Much of the challenge when considering T&D deferral projects is that the specific economics of each project can be very different. The costs and time required to build new T&D systems, peak to average demand ratios, projected load growth, and availability of capital are all key considerations for new T&D projects or using storage to defer them. Due to the multitude of different factors involved, it has been very time consuming for storage developers to evaluate individual opportunities to defer T&D investments. 

Now that storage costs have come down and the industry is maturing, utilities are much more familiar with the technology and are identifying opportunities to defer upgrades using storage themselves. Furthermore, developers have gained sufficient experience to be able to streamline their process for working with utilities to evaluate these opportunities and propose solutions.

Could you offer examples of why a regulator, utility, transmission or distribution grid operator might recognise energy storage as a cheaper alternative from a technical standpoint – and explain what the drivers might be for doing so?

[Broadly speaking] there are seven main criteria that we identified in the report that will determine the viability of energy storage to defer T&D investments:

  1. High T&D upgrade costs
  2. High peak-to-average demand ratio; a shorter peak demand period only needs a shorter duration ESS, which may have considerably lower costs
  3. Modest projected load growth rate over the coming years – a relatively small storage system could be used to meet peak demand rather than a large capacity increase through traditional T&D.
  4. Uncertainty regarding the timing or likelihood of major load additions. [Energy] storage can be added incrementally as needed, unlike large infrastructure upgrades.
  5. Delays in T&D construction or construction resource constraints. There can also be local community opposition to new power lines and infrastructure.
  6. Limited capital available for T&D projects that must compete with other important investments
  7. An energy storage system (ESS) used for T&D deferral will be able to provide additional benefits or avoided costs, such as frequency regulation, renewable energy ramping/smoothing or energy shifting.

Will we see examples of behind-the-meter assets being used to provide what are more traditionally considered front-of-meter services, to benefit networks and reduce the required spend on T&D infrastructure?

Yes, we expect to see more projects utilising behind-the-meter (BTM) assets as part of “non-wires alternative” projects for utilities and/or grid operators. 

However, there are challenges in coordinating the operation and ensuring the reliability when using a network of hundreds or even thousands of BTM assets. As aggregation and management software continue to improve, this will become a more reliable form of load reduction and will be utilised more by utilities. 

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How Tesla and Vivint are taking different paths to the ‘one stop shop’ destination

What does it mean to be all things to all people? Does it overstretch resources to breaking point, or does it give you a chance to cast a wider net and capture market share, if your core offering gradually expands to encompass almost every available product and service in your chosen sector?

When Tesla ‘merged’ with (i.e. bought out) SolarCity in late 2016, consensus was that it created a clean energy behemoth of the likes never seen before. The longstanding close relationship between the two entities was obviously already in evidence, from the makeup of the executive board including Elon Musk in top roles at both (CEO and chairman of the board respectively), to SolarCity’s immediate enthusiasm for Tesla’s Powerwalls on their launch in May 2015.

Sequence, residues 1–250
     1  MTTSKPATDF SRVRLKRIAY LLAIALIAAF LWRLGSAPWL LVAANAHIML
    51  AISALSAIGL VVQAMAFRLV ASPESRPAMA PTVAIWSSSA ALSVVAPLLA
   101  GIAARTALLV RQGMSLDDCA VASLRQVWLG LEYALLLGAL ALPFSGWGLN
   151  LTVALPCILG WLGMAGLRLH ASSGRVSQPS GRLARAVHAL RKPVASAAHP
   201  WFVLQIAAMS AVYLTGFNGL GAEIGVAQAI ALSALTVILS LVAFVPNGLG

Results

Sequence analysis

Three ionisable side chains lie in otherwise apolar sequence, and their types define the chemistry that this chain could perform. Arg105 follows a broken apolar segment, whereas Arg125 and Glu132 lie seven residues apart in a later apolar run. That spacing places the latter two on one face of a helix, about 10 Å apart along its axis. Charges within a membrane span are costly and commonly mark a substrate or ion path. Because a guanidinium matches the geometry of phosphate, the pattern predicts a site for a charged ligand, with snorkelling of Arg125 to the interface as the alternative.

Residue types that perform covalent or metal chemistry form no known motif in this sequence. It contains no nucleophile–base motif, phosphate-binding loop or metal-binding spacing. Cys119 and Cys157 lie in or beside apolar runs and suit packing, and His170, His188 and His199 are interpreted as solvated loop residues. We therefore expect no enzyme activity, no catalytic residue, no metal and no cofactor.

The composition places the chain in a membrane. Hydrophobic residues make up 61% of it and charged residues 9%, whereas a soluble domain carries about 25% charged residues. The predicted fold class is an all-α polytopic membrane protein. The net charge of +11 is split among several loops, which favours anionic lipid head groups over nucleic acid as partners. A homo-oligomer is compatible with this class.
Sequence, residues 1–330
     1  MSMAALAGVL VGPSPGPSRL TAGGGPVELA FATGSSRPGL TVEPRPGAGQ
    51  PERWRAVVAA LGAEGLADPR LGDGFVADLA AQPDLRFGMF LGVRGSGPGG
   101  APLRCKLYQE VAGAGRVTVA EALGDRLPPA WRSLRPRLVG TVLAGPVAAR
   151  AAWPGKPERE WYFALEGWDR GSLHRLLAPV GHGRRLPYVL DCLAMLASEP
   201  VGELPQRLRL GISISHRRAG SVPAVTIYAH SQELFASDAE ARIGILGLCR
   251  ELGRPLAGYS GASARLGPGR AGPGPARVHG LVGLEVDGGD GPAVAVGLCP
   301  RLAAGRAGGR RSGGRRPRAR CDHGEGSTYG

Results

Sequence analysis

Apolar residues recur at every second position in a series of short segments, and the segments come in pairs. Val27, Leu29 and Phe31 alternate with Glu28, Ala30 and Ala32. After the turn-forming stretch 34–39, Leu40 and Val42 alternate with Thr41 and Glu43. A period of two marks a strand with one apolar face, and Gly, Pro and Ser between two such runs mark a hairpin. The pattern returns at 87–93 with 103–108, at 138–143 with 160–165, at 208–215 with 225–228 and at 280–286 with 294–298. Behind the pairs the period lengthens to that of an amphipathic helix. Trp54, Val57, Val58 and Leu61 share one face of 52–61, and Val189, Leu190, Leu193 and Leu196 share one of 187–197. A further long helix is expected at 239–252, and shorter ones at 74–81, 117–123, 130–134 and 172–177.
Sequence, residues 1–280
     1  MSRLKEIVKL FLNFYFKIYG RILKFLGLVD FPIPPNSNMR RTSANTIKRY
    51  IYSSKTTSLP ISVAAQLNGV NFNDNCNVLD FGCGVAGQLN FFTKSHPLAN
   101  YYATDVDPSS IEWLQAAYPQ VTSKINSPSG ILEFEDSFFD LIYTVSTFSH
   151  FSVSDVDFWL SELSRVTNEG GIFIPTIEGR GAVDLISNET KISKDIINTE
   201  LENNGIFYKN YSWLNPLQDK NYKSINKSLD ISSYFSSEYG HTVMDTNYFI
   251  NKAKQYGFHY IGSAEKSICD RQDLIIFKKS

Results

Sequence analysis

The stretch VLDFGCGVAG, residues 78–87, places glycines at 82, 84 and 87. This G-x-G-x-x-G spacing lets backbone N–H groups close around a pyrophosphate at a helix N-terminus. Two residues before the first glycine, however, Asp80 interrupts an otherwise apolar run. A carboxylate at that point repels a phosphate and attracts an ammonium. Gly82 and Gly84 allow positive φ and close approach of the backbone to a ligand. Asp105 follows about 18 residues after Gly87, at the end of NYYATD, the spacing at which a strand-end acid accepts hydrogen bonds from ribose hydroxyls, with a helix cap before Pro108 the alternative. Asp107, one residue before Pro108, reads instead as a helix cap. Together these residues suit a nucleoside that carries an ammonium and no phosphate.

Having now taken ownership of the US’ biggest residential solar PV installer and begun the softly-softly launch of its solar roof tiles, not to mention expectations placed on the PV module Gigafactory 2 in Buffalo, New York, it could be argued that Tesla’s not-so-subtle play for market domination now encompasses so much of the distributed energy system architecture that the company is a “one-stop-shop” for home clean energy solutions.

The appeal of the “affordable” Model 3, new strategies for selling stationary energy storage including virtual power plants and no-money-down options, not to mention the pair’s large-scale dispatchable solar-plus-storage projects in Hawaii and American Samoa mean that, as predicted by analysts at the time of the merger, Tesla-SolarCity is well-placed to address individuals’ and businesses’ distributed energy needs across a plethora of technologies.

Meanwhile Vivint, also in the top three of residential solar installers in the US, launched its first ever “Fully Integrated Solar” solution in September. Following tie-ups with smart meter and thermostat makers, Vivint’s rooftop solar projects can now be sold alongside EV chargers from ChargePoint and home batteries, for which Vivint is partnered with Mercedes-Benz Energy. CEO David Bywater claimed this made Vivint the first residential solar “one stop shop” for customers.    

Both of these providers have created “one-stop-shop” or “all-in-one” solutions. So, which is likely to prove the more successful strategy? Will it be the extended value proposition of bundling products and services from all the partnerships taken on by Vivint, or do the acquisitions and new product lines coming from in-house at Tesla-SolarCity represent the simplest and quickest way to scale up an all-in-one offering?

“It makes sense to compare this [Vivint’s launch] to the Tesla-SolarCity merger because it’s pretty clear that Tesla’s long-term strategy is to become a “one-stop energy shop”. So an ideal customer for them would be someone who would buy EV, solar and also energy storage,” Brett Simon, energy storage analyst at GTM Research, says.